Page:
Saturday, September 21, 2013

Salinger's Making My Life Hell.

As a result of my grand idea to take the AP English III class, I realized that English is the only course that I enjoy; and that most of my friends hate with a flaming passion of a thousand suns. So, I have been tweaking a few essays here and there, leaving me exhausted. I also realized that I am in over my head in literature. We finished Gatsby about two weeks ago and are starting "The Scarlet Letter" on Monday(The custom house must be annotated in full this weekend...), and I decided to start another classic in my free time. My worst decision yet.

I am not going to deny the fact that I am greatly exaggerating my thoughts over "The Catcher in the Rye", but I am going to go on about those thoughts regardless. Being three quarters  of the way through the thing, I still have no idea why this story is even being told. So, I must whine and cry about why I do not understand this novel; not because I do not want to figure it out myself but for someone else to tell me what they think of it.

First of all, Holden Caulfield is a mess. This estranged teenager is making me go crazy because there is absolutely no method to his madness. Thus far, all he has done is attempt to convince people he's much older than actuality, get the life beat out of him, and try to order alcohol then fail miserably. He makes you think he does that all the time, people sell him alcohol just because he looks old enough; the boy is insane. He has this sick delusion of himself that is placed high on some pedestal; all the while judging people intently like a little kid burning ants with a magnifying glass. Also, he has no direction at all. Even the most pathetic of my peer group has some direction, Right? Holden's not even unintelligent, he just has complete disregard for everything in existence. He's completely indecisive about his mindset. He can go from philosophical babel and reading "Out of Africa" to the average thoughts of an incompetent young man who only cares about young women.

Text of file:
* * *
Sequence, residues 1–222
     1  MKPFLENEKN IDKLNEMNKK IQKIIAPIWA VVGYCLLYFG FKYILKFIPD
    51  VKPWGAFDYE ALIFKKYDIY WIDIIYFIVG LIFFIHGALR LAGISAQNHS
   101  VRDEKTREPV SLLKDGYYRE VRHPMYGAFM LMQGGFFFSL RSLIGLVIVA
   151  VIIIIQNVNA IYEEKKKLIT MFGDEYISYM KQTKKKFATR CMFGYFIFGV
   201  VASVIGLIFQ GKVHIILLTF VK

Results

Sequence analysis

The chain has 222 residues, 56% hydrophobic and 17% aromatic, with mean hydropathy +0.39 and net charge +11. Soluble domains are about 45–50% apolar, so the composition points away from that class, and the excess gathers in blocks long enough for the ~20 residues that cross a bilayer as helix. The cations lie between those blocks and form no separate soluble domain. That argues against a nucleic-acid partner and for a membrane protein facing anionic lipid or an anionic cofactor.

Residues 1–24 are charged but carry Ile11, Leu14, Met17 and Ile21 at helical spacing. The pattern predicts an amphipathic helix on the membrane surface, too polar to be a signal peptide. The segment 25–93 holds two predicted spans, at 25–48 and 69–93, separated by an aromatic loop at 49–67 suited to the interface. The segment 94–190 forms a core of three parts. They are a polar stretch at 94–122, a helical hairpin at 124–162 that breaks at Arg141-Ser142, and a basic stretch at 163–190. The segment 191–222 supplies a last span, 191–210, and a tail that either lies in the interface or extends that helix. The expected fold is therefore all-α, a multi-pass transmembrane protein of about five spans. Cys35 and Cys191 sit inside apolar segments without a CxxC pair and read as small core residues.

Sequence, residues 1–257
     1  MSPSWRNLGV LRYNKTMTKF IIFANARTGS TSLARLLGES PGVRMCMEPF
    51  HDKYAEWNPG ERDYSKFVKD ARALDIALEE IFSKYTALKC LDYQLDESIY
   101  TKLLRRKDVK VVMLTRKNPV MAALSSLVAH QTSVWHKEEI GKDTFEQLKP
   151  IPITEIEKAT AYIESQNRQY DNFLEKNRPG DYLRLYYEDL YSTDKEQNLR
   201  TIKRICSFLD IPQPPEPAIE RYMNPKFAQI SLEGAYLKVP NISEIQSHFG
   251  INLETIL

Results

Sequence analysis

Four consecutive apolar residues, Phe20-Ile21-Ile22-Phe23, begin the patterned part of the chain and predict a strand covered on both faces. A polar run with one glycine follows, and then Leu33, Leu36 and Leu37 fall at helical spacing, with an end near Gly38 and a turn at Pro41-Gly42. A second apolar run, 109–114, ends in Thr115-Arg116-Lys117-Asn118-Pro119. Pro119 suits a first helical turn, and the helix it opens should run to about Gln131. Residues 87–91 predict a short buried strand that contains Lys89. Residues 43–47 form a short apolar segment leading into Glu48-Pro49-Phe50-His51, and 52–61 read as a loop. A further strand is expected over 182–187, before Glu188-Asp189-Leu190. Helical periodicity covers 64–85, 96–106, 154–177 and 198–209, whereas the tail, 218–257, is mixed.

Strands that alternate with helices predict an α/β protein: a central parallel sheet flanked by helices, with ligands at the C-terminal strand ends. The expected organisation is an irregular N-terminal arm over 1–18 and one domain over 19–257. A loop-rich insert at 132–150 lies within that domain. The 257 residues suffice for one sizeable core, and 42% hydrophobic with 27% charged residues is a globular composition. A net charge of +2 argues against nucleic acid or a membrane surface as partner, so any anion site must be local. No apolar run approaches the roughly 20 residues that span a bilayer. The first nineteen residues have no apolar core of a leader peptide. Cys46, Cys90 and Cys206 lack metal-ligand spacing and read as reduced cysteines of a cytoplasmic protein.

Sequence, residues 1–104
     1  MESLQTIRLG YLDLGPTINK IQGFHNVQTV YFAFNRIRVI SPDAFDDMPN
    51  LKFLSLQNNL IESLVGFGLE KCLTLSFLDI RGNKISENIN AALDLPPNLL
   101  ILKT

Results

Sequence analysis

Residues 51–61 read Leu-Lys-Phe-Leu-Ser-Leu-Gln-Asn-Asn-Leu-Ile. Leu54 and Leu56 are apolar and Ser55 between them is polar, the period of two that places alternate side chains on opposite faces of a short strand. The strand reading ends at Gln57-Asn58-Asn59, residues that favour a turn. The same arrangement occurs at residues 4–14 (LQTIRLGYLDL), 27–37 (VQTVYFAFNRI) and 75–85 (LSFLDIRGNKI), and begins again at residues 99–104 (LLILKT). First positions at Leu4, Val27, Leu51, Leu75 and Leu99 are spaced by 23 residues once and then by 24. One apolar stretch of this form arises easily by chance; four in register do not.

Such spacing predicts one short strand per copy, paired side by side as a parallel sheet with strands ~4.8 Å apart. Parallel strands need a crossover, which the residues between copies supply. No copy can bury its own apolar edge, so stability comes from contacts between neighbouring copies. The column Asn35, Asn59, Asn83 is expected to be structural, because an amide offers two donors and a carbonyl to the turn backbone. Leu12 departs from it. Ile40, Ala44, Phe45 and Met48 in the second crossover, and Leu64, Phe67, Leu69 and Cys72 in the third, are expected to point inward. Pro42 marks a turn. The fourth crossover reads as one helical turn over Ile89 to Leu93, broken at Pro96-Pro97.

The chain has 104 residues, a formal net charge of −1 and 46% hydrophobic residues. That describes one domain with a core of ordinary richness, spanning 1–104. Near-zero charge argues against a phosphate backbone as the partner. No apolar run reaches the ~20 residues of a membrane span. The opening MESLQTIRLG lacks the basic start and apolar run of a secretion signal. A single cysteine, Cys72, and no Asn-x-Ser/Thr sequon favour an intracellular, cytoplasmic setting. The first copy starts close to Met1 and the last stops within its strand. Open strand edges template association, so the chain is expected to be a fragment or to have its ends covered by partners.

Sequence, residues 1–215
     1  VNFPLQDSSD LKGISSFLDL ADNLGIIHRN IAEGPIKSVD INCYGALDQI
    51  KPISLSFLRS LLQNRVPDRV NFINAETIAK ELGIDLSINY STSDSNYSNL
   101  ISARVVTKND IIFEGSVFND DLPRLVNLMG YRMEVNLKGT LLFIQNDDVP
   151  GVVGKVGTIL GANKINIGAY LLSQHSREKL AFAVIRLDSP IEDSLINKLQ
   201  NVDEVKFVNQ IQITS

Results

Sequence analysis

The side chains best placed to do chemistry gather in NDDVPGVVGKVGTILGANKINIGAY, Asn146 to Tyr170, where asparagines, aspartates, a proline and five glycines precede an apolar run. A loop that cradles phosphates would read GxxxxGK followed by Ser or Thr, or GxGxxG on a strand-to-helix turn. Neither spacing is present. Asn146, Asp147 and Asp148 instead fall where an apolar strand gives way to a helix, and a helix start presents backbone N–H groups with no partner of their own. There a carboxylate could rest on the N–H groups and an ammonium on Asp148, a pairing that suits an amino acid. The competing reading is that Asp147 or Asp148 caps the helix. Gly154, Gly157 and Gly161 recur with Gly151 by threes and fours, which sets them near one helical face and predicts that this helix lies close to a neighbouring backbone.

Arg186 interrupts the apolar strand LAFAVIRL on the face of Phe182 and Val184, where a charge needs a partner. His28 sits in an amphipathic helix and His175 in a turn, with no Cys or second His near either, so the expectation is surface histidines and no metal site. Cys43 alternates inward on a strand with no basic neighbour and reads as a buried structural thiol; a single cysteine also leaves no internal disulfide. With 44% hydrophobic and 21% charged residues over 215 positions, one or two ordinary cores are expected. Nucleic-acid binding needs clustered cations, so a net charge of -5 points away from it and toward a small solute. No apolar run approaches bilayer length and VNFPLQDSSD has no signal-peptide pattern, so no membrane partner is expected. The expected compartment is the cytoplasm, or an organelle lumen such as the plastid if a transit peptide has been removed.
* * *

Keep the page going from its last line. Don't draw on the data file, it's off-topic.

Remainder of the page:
After finishing those past sentences, I realized that we have so much in common that I could never possibly understand him because I will never understand my own craziness. Is that what Salinger wanted? For me to question a character that is so relatable that it is a bit frightening? I doubt it immensely. Just because the kid has a few gray hairs, he gets one stuck up where the sun does not shine  to call everyone "phony". I hate this word now and swear to myself to never use it again. "Phony". He mustn't understand the meaning of it. It is almost nauseating how much he uses that stupid word; but not quite as nauseating as the phrase "Old Sport" that I had to read over and over, up until Fitzgerald shot it and let it lie in a pool of blood. (Sorry Leo...)

All in all, I will probably finish the book tonight and completely regret ranting about how I have not a clue into the insight if Mr. J.D. Salinger. But, honestly, where is the fun in that?


Jordan Dane said...

Old sport. Aaarrghhhh

It's been awhile since I read Catcher, but I remember liking it. I might have to read it again. Not from your high praise. Ha!

Sechin Tower said...

Man, I wish you were in my class! My students say it's one of their favorites of the year. I guess it's all in the way you teach it... what I like best is how it captures a distinctive voice and allows us to know more about his psychological state than he knows.

I think the key to the whole book is figuring out where he's physically located at the end. Let me know if you get that one. :)